Beyond the fact that whiskey is golden brown and burns when you drink it, how much do you actually know about this spirit? Can you tell the difference between Scotch whisky and the American stuff? Or between bourbon and rye? What about a neat pour—what exactly does that mean?
You've probably picked up bits and pieces of whiskey knowledge from a crowded bar or two, but it's time to set the record straight. To find the purest knowledge, you need to connect with the best teacher. And we could think of no one better than Johnnie Walker Master Blender Jim Beveridge (and yes, that's his real last name). We recently picked his brain about one of the manliest spirits you can stock in your liquor cabinet.
Men's Fitness: Most guys are familiar with either bourbon or rye. What's the difference between the two?
Jim Beveridge: To me, the big difference will be in the kind of wood in which the whiskey is matured, because bourbon whiskey has to be matured in American oak casks. Bourbon whiskey will have lots of woody flavors. Rye whiskey tends to be lighter, doesn’t necessarily need to be matured in new casks, and has less woodiness. When you get into Scotch whisky, the flavors tend to be quite pronounced. There’s less flavor coming from the wood compared with bourbon, for example.
MF: What about a difference in flavor between American whiskey and Scotch whisky?
JB: Essentially the flavor is coming from the cask. With bourbon, for example, the first impression would be some fruity-type notes, which have come from the whiskey being matured. Then there’s this very distinctive sweet woodiness.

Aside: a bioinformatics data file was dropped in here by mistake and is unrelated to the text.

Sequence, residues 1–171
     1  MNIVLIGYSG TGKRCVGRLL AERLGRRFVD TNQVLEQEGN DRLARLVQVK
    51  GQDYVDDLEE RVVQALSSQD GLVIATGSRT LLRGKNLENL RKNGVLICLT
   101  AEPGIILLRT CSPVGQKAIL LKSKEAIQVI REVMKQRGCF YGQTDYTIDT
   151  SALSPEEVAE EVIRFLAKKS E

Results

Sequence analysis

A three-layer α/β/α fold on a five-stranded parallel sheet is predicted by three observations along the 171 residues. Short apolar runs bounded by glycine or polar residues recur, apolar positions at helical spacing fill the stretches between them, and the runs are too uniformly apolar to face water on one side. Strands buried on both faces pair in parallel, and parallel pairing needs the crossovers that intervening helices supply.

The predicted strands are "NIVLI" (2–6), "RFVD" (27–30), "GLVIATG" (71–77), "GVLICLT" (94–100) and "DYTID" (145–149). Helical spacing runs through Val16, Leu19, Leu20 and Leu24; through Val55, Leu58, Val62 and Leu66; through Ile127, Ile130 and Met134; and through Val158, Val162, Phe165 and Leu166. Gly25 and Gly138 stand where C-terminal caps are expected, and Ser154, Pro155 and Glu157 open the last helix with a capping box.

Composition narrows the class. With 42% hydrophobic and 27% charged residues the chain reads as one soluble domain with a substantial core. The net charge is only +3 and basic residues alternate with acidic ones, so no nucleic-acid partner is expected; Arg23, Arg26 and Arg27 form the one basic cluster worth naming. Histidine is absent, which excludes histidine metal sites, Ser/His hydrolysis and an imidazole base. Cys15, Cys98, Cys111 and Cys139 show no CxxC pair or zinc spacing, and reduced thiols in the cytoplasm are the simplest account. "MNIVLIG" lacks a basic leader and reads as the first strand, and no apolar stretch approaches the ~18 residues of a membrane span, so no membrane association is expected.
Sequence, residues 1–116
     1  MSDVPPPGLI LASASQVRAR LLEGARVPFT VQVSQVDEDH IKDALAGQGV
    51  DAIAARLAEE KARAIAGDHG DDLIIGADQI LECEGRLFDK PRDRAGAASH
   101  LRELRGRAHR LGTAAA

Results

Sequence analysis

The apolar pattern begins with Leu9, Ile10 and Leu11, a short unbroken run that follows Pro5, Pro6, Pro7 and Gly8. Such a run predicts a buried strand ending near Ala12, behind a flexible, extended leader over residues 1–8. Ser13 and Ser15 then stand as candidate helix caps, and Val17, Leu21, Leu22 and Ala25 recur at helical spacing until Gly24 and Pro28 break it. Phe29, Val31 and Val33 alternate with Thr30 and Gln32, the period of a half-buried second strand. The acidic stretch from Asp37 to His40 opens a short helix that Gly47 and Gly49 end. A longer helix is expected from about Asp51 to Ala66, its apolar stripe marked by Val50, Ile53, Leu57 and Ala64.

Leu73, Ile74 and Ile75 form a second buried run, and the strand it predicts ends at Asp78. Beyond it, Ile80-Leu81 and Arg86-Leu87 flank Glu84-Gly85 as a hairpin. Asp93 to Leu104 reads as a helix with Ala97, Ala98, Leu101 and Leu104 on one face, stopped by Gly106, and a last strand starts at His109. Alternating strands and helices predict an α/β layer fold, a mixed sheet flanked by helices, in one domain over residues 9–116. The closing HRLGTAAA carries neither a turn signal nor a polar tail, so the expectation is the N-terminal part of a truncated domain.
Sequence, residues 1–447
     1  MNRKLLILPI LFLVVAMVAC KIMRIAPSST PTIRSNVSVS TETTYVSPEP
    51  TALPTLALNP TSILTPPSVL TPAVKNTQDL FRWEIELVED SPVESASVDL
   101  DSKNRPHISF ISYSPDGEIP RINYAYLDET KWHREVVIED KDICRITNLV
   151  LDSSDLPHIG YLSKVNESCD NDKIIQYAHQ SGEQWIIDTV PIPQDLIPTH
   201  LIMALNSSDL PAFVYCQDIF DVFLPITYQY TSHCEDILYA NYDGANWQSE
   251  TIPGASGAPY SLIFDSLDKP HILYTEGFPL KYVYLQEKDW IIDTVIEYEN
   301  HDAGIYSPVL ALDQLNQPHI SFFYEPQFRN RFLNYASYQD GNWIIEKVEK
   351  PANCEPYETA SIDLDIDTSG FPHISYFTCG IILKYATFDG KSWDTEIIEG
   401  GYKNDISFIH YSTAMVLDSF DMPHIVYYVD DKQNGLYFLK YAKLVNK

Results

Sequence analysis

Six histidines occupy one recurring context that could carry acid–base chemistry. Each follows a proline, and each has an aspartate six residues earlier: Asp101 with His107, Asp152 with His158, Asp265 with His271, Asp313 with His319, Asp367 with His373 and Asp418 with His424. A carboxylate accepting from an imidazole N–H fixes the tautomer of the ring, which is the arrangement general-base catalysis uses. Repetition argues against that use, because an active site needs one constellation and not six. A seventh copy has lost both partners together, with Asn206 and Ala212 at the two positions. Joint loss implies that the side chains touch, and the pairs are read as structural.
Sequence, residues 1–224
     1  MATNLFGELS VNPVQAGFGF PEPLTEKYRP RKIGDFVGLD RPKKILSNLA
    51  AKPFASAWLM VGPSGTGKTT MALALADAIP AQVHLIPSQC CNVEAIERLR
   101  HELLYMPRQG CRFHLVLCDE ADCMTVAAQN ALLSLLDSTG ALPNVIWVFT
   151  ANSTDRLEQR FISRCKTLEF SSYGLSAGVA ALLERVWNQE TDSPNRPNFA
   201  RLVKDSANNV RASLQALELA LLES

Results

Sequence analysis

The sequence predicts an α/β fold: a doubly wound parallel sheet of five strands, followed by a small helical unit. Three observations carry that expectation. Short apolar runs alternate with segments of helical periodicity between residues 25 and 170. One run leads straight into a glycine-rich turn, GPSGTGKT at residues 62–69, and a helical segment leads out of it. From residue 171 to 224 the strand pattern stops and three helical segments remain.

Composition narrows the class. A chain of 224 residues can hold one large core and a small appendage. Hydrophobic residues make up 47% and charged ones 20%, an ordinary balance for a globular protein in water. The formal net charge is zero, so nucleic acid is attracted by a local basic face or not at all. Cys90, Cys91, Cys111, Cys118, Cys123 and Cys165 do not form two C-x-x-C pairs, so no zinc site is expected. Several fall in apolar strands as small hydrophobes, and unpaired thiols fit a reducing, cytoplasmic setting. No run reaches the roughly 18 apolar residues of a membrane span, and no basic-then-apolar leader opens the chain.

If you were then to do the same test with Scotch whisky, well, it would depend on the whisky. Let’s say it was a Johnnie Walker blend, then you would not only have some sweet woody notes, you would also get layers of different kinds of fruit.
Editor's note: To determine the flavors present in a whiskey, you can drop a bit into your palms and rub them together until the liquid evaporates. The scents that are left behind will give you an idea of what ingredients were used in the whiskey's creation.
MF: What's a "blended" Scotch whisky?
JB: Johnnie Walker Black Label, for example, is a blend of whiskies from between 35 and 40 different distilleries. You can see how that alone says it’s a blend of a lot of different flavors. Ryes tend to be a bit one-dimensional. It’s a nice dimension, but not a lot of flavor diversity.
MF: How would you suggest guys drink whiskey?
JB: The flavors are best revealed when there’s water present. You can add water to your whiskey, or you can add ice and let it melt. If you drink it neat, having water on the side and on your palate will also help release the flavors as you sip.
MF: What exactly is a neat pour?
JB: Neat means straight from the bottle and into the glass.
MF: How can you discern the good stuff from the great stuff?
JB: At the end of the day, you will have to taste it in order to form your own opinion, but if you’re starting at the very beginning, it's all about having confidence in the people who make the whiskey. For example, Johnnie Walker is a whisky business that’s almost 200 years old, and it has a huge heritage of understanding how to produce great whisky. All of that rationale is kind of built into the bottle before you even open it.